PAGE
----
How to reach
Line A direction Battistini, Ottaviano or Cipro stations
49, stop in the square in front of the Vatican Museums
32, 81, 982, stop at Piazza del Risorgimento
492, 990, stop in Via Leone IV / Via degli Scipioni
19, stop at Piazza del Risorgimento
Taxi rank in the square in front of the Vatican Museums
The Vatican Gardens, for centuries reserved for the exclusive use of the Supreme Pontiffs, remain an oasis of peace where it is possible to stroll and meditate, admiring nature's beauties.
Their layout, extending over roughly thirty of the forty-four hectares which comprise the overall surface of the Vatican City State, dates back to the second half of the thirteenth century, when Pope Niccolò III Orsini (1277-1280), a deeply cultured man and a great connoisseur of medicinal plants, commissioned a viridarium novum on Vatican Hill. This garden, with its entrance right behind the Apostolic Buildings, has always specialised in the culture of medicinal herbs tended by the Pontiff's Archiaters.
Even today the Vatican Gardens have the appearance of a sort of hortus conclusus, mostly enclosed by walls erected between the papacies of Pius IV Medici (1559-1565) and Pius V Ghislieri (1566-1572). These walls were to become the boundary of one of the smallest States in the world after the Lateran Treaty of 1929.
The Vatican Gardens still reflect the centuries-old fusion between nature, art and faith, enriched and decorated over time by numerous Pontiffs who all enjoyed strolling here, as does the present incumbent. Not only is it the oldest botanical establishment in Italy, where countless species of Mediterranean plants and exotic flowers from various continents continue to coexist, created by the great Simone da Genova, more than two hundred and fifty years before the Botanical Gardens in Padova (1545) and Pisa (1563), but it also contains a devotional path dedicated to the Virgin Mary, developed over time, which winds amongst the lawns, box hedges and secular trees.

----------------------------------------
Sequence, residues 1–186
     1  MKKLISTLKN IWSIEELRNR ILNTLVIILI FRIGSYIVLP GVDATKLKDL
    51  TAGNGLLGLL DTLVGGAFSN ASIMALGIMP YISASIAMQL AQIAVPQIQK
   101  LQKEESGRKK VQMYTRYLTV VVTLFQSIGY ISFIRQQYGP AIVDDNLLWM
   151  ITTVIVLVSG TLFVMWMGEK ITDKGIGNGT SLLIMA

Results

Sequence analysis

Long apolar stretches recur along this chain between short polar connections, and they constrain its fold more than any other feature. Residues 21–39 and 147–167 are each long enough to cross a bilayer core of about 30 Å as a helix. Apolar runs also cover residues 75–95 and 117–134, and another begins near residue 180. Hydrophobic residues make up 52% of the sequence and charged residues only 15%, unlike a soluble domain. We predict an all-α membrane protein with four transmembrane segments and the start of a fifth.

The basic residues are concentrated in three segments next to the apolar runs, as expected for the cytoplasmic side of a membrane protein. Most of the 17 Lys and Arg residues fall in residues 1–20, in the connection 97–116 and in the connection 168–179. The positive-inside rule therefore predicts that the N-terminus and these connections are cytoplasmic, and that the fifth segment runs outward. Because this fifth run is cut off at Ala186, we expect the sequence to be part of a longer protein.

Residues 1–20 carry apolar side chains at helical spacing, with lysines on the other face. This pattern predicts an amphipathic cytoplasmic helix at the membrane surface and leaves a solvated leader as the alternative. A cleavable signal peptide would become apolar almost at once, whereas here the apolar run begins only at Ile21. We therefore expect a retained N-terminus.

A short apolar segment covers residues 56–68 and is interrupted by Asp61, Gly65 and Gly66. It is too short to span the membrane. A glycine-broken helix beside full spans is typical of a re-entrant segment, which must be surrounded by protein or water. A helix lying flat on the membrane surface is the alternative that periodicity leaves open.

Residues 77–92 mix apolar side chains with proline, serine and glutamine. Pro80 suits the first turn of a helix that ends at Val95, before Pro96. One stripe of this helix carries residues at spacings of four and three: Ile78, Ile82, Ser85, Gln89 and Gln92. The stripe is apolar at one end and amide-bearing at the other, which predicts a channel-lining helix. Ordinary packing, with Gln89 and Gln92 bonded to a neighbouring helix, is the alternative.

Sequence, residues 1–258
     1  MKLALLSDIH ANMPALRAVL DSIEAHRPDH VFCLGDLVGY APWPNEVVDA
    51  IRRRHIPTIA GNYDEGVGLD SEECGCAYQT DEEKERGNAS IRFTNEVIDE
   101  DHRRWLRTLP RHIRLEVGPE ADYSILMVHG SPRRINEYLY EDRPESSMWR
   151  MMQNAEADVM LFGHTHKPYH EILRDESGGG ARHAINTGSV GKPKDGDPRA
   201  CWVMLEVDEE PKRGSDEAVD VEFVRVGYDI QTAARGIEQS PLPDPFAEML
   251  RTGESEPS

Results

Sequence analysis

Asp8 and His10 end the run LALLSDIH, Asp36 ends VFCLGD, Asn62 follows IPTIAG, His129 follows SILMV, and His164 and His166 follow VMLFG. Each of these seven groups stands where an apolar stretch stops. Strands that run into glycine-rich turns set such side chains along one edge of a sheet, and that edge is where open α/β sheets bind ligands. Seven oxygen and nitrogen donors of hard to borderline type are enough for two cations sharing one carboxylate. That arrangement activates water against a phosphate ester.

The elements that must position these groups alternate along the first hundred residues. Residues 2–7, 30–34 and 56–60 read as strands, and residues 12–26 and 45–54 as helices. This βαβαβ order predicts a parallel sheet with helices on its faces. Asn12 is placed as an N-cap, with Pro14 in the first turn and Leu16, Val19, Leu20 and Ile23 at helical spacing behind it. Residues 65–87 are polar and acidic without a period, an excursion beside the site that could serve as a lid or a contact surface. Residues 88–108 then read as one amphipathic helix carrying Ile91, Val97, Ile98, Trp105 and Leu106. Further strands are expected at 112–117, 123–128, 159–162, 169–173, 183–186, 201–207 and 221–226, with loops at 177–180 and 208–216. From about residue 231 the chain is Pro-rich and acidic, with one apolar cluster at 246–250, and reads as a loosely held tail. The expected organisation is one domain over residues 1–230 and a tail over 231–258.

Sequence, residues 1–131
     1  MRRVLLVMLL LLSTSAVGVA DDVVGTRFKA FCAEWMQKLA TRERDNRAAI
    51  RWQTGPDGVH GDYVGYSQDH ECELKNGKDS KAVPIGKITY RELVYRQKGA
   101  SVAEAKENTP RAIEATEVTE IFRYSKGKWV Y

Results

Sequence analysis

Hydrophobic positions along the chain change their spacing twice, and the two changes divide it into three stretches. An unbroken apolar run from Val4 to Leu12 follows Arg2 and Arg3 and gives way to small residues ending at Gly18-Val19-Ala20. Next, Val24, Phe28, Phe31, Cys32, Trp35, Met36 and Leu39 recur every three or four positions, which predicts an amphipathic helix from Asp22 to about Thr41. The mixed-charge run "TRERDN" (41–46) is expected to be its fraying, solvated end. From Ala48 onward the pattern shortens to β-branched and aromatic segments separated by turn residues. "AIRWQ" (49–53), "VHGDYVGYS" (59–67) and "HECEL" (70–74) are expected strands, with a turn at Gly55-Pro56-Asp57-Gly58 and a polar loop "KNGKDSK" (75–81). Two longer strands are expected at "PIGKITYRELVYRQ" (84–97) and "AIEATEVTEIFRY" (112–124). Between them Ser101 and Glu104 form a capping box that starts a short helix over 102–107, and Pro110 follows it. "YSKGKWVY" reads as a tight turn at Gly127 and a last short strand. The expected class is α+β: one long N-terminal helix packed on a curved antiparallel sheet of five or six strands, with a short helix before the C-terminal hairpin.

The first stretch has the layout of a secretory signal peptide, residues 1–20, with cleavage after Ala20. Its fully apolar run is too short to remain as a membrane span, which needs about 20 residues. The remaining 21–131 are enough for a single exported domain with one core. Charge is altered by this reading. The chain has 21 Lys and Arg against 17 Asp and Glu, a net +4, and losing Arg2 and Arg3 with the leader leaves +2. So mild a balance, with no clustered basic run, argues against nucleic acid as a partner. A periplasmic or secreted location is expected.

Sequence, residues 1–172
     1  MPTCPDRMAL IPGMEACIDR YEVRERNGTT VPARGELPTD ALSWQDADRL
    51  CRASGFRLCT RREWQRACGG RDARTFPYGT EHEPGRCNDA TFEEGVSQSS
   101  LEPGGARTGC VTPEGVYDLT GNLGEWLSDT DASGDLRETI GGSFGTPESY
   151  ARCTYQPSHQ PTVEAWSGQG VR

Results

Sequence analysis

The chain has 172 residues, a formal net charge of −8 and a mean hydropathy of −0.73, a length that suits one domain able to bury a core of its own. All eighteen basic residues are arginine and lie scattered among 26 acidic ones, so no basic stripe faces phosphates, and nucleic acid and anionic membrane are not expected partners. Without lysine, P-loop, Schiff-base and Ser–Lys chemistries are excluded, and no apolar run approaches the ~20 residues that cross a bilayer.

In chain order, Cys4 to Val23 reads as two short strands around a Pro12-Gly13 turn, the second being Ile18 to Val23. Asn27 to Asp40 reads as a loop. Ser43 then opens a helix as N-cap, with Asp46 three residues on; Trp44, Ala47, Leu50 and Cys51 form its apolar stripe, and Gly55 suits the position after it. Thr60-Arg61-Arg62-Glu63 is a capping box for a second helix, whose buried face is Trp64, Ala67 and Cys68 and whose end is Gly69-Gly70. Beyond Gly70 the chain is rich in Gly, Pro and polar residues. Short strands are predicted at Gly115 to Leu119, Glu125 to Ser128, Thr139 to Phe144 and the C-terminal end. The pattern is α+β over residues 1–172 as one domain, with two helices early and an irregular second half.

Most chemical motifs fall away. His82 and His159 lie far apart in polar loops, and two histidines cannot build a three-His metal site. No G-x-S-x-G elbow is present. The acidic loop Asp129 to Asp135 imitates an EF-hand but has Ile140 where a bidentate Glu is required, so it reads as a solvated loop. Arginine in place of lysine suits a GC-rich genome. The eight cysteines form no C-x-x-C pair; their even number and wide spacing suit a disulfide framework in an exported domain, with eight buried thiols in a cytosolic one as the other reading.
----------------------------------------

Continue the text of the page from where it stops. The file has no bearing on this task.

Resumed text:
Now open to the public, the Vatican Gardens offer the possibility of admiring a myriad of fountains and archaeological remains which, amongst the little houses, towers and ancient walls nestling in the vegetation, exalt the spiritual and intellectual greatness of the Popes who have inspired and enjoyed this marvellous space.
Written by dott. Sandro Barbagallo
Curator of Historical Collections of the Vatican Museums.